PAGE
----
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Problem when changing tunings

Q: Hi there from Scotland!!

I've just had my 23-year-old Martin MC-28 refretted, new nut and set up by the authorised repairer. I use Martin Phosphor Bronze light gauge strings and it sounds brilliant. However, when I detune (especially in DADGAD tuning), the B string sounds duff!! The other strings are fine. Should I put a kind of shim either under the nut (which is floating) or under the saddle, or should I leave it alone? The repairer told me that all sorts of problems arise when tuning down, especially with light strings. My mate's guitars sound fine with extra lights, so what do you think?

Shall I leave it well alone, or shim it? Should I shim it at the nut or saddle? What could I shim it with?

Thanks for your time.

A: By "duff" I presume you mean that it's buzzing. Rattling against a fret or two. You have roughly 25 pounds of tension on each of your strings.a total of 160 pounds of string tension with light gauge strings (look on the package of a set of D'Addario EJ-16s for exact figures). When you lower the E, B, and high E a whole step each, you have removed at least 10 pounds of pull. Your neck is not rigid. It is planed with exactly enough bow back so that the recommended strings and tuning will pull it perfectly straight. If your MC-28 had been made after 1983 all you would need to do would be loosen the truss rod a tad. Unfortunately you have no truss rod so a simple neck adjustment involves pulling the frets, planing the fingerboard and driving new frets.

But, you also said that the B is the only string that buzzes when you go to DADGAD. So you need to check to see if the string buzzes against the first fret. Then put your finger on the first fret. If the string does not buzz against the second fret, your nut is too low. The nut height only controls whether or not the string buzzes on the first fret. If it buzzes anywhere else it is not a problem with the nut. If the B slot in the nut is too low it can be filled with bone dust and super glue and refiled. This works perfectly with bone nuts. Your original nut was made of Micarda and the super glue doesn't always stick. Hopefully your new nut is bone.

If your string is buzzing on one or two higher frets you need your frets leveled. If it buzzes evenly all the way up you can just raise the saddle. You need a solid connection between the bottom of the saddle and the bottom of the saddle slot. If you try to shim one end you will leave a gap. You can put a hard wood shim all the way across and then reshape the top on the saddle so that only the B is raised. Remember that the 12th fret is the halfway point of an equilateral triangle with it's apex at the nut and it's base defined by the amount you are going to change the saddle height. If you want the string to move 1MM closer to the 12th fret, you must cut 2MM off the saddle. If you want to raise the B string 1/32" at the 12th fret the saddle must go up 1/16".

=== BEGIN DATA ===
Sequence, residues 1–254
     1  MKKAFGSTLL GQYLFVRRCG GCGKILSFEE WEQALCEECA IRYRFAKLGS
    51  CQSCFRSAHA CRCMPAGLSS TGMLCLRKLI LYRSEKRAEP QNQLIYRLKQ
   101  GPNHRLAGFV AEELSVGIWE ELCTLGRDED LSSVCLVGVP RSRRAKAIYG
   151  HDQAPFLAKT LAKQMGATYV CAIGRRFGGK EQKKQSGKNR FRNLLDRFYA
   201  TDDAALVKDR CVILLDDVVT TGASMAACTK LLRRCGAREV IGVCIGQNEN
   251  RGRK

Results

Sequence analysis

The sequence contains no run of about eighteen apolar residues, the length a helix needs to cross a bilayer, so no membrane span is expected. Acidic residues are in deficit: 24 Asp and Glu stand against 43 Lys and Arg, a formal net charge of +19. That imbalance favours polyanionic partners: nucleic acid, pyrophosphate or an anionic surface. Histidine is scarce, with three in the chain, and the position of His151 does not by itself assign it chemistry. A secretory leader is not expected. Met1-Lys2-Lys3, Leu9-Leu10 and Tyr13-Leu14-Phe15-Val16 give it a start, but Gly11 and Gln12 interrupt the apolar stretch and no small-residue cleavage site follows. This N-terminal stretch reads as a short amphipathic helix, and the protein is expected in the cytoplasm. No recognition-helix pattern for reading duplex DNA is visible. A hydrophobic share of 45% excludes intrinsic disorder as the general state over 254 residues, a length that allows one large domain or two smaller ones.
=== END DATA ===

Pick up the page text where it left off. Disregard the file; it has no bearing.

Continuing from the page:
I don't know what you mean by a floating nut. The saddle, in the bridge is not glued down. It's held in place by string down pressure. Nuts are always glued in. Is the nut/saddle terminology switched in Scotland?

I'm sure that if you took your guitar back to your luthier and asked him to adjust the guitar for DADGAD he would be pleased to do it. But then, when you tune back up to standard, the action will be higher than perfect. The fact that only your B string buzzes may mean that the others are already higher than necessary. I would give your luthier a second chance on this guitar. It often takes two tries to get an action right. Sometimes the tension has been changed so much that it takes the guitar a few weeks to get used to the new load. Sometimes the luthier doesn't have a clear idea of your style and gives you a generic action. When you say "no, higher/lower" he will nail it on the second try.

You mentioned ultra light strings. They are just wrong. You must use them on very old, very small guitars, but they don't have the mass to move the top of a modern guitar. Have your friend try moving up to light gauge. If they hurt his fingers, he needs an action set.

If by "Duff" you mean that the string is weak and floppy sounding? The pitch of a string is defined by the length of the string, the mass of the string and the tension on the string. The pitch is changed by varying any of these three factors. You can raise the pitch by making the string thinner, tighter or shorter. A string must be pulled to about 80% of breaking tension to make it "sing". To make it act more like a fluid than like a rod. A light gauge B string is a .016. They sound great pulled up to B. Tuned down to A, a .017 might sound better. Some serious DADGADers use, from the top: .013, .017, .024, .034, .044, and .058. Some have a different guitar for every tuning they use. If you must use the same guitar for lots of tunings have your luthier adjust the action for the tuning with the lowest tension. When you go to the higher tension tunings the guitar will be harder to play.



 

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